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The significance of fitness tradeoffs and compensatory mutations in the evolution of infectious disease

The last couple of decades have seen medical science infused with evolutionary reasoning. This has affected such disparate fields as vaccine design and medical genomics­­[1]. In this post, I will focus on the significance of compensatory mutations and fitness tradeoffs to understanding the evolution of infectious disease.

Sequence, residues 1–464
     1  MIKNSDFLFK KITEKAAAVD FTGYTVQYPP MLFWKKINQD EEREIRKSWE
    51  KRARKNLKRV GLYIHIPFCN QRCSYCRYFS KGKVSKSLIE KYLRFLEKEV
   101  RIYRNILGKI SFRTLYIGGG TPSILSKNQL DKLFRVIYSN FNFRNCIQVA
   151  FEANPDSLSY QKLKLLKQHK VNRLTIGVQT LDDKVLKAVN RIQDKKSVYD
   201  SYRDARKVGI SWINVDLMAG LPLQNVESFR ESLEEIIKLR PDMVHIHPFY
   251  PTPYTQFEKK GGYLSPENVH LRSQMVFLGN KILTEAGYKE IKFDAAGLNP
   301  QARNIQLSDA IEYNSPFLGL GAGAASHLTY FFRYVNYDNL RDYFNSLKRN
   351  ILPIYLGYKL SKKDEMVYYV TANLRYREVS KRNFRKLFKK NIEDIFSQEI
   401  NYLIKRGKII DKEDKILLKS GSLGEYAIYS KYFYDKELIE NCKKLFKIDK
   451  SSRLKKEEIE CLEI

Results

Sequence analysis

The imperfection of organisms is often cited as evidence for evolution. This imperfection is obvious from our genomes, which are littered with history – a “genetic book of the dead,” as Richard Dawkins put it[2]. However, even taking the historical explanations of those well-known features into account, organisms are still not ‘perfect,’ and they cannot be. This is because species must compromise, so to speak, when it comes to what traits they will excel in. On the fitness landscape, it is impractical for them to “climb every mountain”[3]. As a result, natural selection leads to specialization as tradeoffs are made between traits. These are known as “fitness tradeoffs.”

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